Make sure you’ve set everything to “Friends-only” How To Control Your Privacy With The Facebook Timeline While the new Facebook timeline looks fantastic, there are a few privacy concerns worth keeping in mind. For most people, certain things will need adjusting before you can be completely sure that your posts aren't... Read More or that you use a custom friends list Using Facebook Friends Lists For Interests Or Circles [Facebook Hack Or Tip Of The Week] Is Facebook driving you crazy? Most people who use Facebook generally view the home feed in its unfiltered form, which means they're seeing updates from friends, acquaintances and pages all lumped in together and shown... Read More to lock things down to some subset of your friends who you really trust. You will need to go through all of your basic privacy settings, as well as looking through all of your timeline information and Facebook “Likes” Facebook Search Used as an Interpersonal Weapon: What to Watch For [Weekly Facebook Tips] Facebook has always been an easy way to accidentally expose yourself to unwanted privacy breaches, however with the new Facebook Graph Search it's even easier to get stung. You might think you've locked down your... Read More and updating the privacy for each section individually. There are many things which are public by default, so keep checking until your timeline is just right. Make good use of the “View As” function to see what it looks like to different people so that you are absolutely certain.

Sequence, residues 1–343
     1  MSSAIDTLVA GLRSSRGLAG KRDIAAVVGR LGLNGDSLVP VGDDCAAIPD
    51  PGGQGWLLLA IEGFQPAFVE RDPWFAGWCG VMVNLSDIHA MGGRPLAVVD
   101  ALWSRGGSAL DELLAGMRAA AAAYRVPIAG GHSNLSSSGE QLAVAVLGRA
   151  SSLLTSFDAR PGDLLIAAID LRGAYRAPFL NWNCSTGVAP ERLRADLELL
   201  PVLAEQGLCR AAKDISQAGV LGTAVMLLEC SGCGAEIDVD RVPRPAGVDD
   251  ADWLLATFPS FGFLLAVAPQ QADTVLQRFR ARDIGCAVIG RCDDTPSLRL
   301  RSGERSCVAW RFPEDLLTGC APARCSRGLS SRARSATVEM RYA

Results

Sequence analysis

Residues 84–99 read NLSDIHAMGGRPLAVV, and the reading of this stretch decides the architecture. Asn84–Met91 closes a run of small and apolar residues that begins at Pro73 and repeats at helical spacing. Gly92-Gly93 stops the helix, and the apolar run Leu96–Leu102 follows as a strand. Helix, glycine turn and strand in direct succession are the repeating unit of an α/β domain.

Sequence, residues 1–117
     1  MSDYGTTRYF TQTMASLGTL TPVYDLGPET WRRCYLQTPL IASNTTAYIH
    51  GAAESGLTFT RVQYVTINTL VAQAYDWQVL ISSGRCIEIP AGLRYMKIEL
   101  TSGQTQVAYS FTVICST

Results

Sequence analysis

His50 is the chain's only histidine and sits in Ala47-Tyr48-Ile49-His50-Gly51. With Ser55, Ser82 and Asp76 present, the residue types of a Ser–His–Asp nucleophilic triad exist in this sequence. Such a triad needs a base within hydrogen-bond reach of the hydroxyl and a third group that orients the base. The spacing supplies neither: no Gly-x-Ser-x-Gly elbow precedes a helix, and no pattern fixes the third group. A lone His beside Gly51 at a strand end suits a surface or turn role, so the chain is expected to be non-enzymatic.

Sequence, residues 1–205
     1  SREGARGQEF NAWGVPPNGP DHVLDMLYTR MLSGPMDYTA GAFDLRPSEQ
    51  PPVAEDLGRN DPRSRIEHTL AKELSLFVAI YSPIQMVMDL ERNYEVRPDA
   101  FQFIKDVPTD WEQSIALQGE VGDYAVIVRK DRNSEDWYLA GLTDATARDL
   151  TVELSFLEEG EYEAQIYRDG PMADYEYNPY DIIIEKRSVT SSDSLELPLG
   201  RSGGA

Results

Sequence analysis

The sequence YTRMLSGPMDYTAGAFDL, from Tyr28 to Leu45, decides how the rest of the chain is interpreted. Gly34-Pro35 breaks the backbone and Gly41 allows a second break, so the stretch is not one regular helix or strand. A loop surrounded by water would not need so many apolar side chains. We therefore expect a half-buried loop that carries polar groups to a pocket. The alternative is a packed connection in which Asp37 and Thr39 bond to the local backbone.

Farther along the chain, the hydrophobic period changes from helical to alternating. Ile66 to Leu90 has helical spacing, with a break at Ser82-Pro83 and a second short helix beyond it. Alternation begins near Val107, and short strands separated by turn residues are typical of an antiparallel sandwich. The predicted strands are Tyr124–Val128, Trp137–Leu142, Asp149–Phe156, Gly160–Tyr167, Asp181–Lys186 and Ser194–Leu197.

Block the stalker and any of their close friends, just in case the stalker takes a peek using their friends’ accounts. It won’t stop the stalker from creating a new account, but it will stop them inadvertently seeing your more public comments.

Stop commenting publicly. When you comment on a public post, anyone who can see that post can see your comment, whether you know them or not (unless you have blocked them). If a stranger who sees your comment clicks through to your timeline they will only see whatever you’ve made public, but they will still see that comment you made when they view the public post. For the same reason, you may wish to avoid commenting anywhere on Facebook, just in case one of your friends is friends with your stalker (using an account you haven’t blocked). If you are going to be realistic, you could presume that your comments are always public and make sure you never say anything you want kept private. That or essentially go into read-only mode on Facebook Sick Of Facebook? Set Your Account To Read-Only Mode [Weekly Facebook Tips] Even if you hate Facebook, there are some very compelling reasons to have an account. Like, for instance the fact that most of your friends probably have accounts. It's tempting to have an account simply... Read More .

Block Tagging

If you were using this setting as a way to stop your friends tagging you, you should perhaps block the tagging properly. Make sure you have set things so that any tags need to be reviewed and approved by you before they are seen by others.


What Do You Think?

What are your thoughts on this change? Do you worry that Facebook is eroding your privacy bit by bit, or are you relieved that your friends and family will no longer use this setting incorrectly, with false expectations of privacy? Tell us in the comments!

Image Credits: Facebook

Related topics: Facebook, Online Privacy.

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  1. Carrot
    October 16, 2013 at 10:30 pm

    FB changes the rules as they go along, or so it seems....

    Still, those people without any social network profile will gain currency - in the sense that they retain a certain mystery and allure which others freely gave up. This is assuming that people you know aren't putting up pictures of you, and telling your life story....

    You can't re-invent yourself after FB.

    • Angela A
      October 26, 2013 at 2:24 pm

      That's true, I guess. However, most of the teens I know who want to do this just delete their account and start over. That or they do a thorough clean-out and delete all their data. Takes a while though...